Conrad Neumann’s poetry describes the ocean world and the man who measured it

Conrad Neumann at his home in Chilmark. —Stacey Rupolo

Sometimes this job is so damn good, I’d do it for nothing.

Spending time recently with A. Conrad Neumann is an example. Mr. Neumann, 83, is a “cricker” born and raised, and he has published a book of poems about which old friend Arnie Reisman gave me the heads-up. (Note: “cricker” is a term used to describe Chilmark natives familiar with Chilmark Creek.)

Now, it’s rare to find an 83-year-old publishing his first book, poetry to boot, so that’s a story right there. But when you also find a man of considerable parts, with straight-ahead life wisdom, droll wit, and a curiosity that doesn’t quit, it’s pure manna. Those character perspectives show up in his book, “Up-Island Poems: Tales of a Life on Island & Sea.”

Mr. Neumann is an educated man with three degrees, including a Ph.D. in oceanography, his career specialty. But if you talk with him, you wouldn’t know it, and he’d likely not tell you unless you asked.

Nowadays, Mr. Neumann and Jane (Spaeth), his wife of 55 years, summer in a little house in Chilmark and winter in North Carolina, where he taught oceanography at the University of North Carolina for more than 30 years.

Along the way, he measured, charted, and explored most of the world’s oceans, from the surface and from more than two miles below it in an early submersible.

How he got there is one part of the story. “Growing up, I wanted to be like my friends — fishermen, swordfishing. But my mother wanted my sister and me to go to college. To us, college was just a name on the sweatshirts of summer college kids.

”There wasn’t a lot of money. My father had died and my mother was a town clerk; that didn’t pay much. But summer renters told us there were free colleges in New York for city residents,” he said, adding, “I benefited from contact with summer people; they were at their best and I was old enough to enjoy talking with them and the wider horizons they provided.”

So after two years at Tisbury High School, young Conrad moved to Queens to stay with family, allowing him to complete his last two years at Bayside High School and to meet the two-year city residency required for free college.

“When I told Carlton Mayhew, skipper of the swordfishing boat I worked on, about my New York City plan, he said, ‘Well, I don’t know much about New York, but I’d keep my own counsel if I were you,’” Mr. Neumann recalled.

Good advice, since there wasn’t a career called “oceanography” in the late 1940s, and young Conrad ignored the advice that he become an electrical engineer and followed the counsel of Woods Hole Oceanographic Institute (WHOI) director Columbus Iselin to study science and math.

One thing led to another — a geology degree from Brooklyn College, a master’s in oceanography at Texas A&M, three years charting oceanography for WHOI, a Ph.D. from Lehigh, and eventually his teaching and research career at UNC. He worked for two years at the National Science Foundation in Washington, D.C., and his work on deep-sea deposits, coral reefs, and sea-level and climate change gave him, and us, a good read on those issues.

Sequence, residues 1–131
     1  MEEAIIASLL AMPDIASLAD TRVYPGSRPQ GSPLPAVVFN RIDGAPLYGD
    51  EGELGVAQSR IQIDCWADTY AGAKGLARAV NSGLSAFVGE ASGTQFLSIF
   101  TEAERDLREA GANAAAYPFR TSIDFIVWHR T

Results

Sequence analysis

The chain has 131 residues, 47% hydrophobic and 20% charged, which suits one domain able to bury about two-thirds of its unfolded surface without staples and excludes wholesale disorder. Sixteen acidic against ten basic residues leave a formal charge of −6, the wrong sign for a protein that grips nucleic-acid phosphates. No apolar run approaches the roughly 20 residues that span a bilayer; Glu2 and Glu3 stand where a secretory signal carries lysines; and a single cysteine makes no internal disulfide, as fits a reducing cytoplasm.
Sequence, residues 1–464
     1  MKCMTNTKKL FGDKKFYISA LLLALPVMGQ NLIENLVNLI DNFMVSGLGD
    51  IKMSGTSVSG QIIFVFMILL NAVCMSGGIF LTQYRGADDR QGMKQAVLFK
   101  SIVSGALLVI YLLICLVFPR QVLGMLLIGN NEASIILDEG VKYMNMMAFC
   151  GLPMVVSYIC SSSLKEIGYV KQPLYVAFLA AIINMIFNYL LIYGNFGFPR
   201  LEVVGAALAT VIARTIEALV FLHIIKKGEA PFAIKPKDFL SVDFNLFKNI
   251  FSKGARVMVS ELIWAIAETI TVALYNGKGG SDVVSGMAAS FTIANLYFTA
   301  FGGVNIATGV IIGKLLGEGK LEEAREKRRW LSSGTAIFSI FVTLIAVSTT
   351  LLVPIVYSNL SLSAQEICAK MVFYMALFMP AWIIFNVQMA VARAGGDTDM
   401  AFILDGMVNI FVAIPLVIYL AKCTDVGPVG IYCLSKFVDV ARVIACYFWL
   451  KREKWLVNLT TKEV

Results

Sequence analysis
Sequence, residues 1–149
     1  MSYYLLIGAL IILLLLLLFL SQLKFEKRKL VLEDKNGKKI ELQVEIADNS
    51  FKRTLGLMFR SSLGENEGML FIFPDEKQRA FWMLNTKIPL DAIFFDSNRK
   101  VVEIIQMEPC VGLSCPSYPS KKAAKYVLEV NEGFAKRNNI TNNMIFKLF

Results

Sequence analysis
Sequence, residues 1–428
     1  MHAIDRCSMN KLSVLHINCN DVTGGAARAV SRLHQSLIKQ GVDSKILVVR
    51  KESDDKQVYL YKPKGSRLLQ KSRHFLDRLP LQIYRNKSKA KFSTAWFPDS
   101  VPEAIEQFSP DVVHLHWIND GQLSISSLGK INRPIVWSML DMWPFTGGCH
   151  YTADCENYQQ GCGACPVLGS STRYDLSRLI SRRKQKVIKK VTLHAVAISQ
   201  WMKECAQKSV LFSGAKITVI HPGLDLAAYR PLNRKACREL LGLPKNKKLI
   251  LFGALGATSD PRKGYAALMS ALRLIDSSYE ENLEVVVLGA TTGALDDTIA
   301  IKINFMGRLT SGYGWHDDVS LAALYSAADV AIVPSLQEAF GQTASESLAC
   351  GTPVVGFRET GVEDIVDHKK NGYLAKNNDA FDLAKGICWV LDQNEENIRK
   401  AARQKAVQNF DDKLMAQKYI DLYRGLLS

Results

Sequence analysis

He commented on McMansions built close to the ocean in an interview several years ago: “If you can see the sea, then the sea can see you.” He’s described the phenomenon as “the place where greed meets the ocean.”

He’s got a good read on his personal history interspersed with his poems in “Up-Island Poems,” and it’s worth noting that while most memoirs reference the rich and famous the authors have encountered, Mr. Neumann references Carlton Mayhew, Columbus Iselin, and Stanley Poole.

There’s a fusion of left brain with right brain in the man that allows us to hear him in the 41 poems and five essays in “Up-Island Poems,” a rich tumble of variously versed work.

There’s not much guessing about meaning in his words. “I guess my poetry is for people who don’t read poetry. I wrote some poetry in the ’70s for fun, then joined a poetry circle and found I had both a lot of poems and Martha’s Vineyard in me, stewing around in my head. I’ve done more writing since I retired. Maybe I waited too long, busy writing scientific papers and proposals.

“But it’s a great way to lash out against boredom, and I’m lame and deaf now, and the world doesn’t always look as brilliant as it should. Writing is energizing, the Island is so full of things that I didn’t know were in my head. And sometimes writing is like using a copy machine — you turn it on and it just keeps going.”

It does keep going. In “Cellar Holes” and “The Stone Wall,” I hear echoes of Seamus Heaney’s writing about his beloved Irish landscape. And though Mr. Neumann merely skewed an eyebrow at the mention, T.S. Eliot’s “Prufrock” ran through my mind after reading “Whose Are the Hills of Chilmark?”

Mr. Neumann is reserved about comparisons with other poets, and prizes readability as a goal: “I read poems in the New Yorker and think, ‘What the hell does that mean?’ Poets go in and out of readability, I think.

“Anyway, my family and friends have been bugging me for years to write a book, and now I can tell ’em, ‘Here’s your damn book,’” he said with a grin.


“Up-Island Poems: Tales of a Life on Island & Sea,” 132 pages, paperback. Available from Up-Island Books, P.O. Box 71, Menemsha, MA 02535.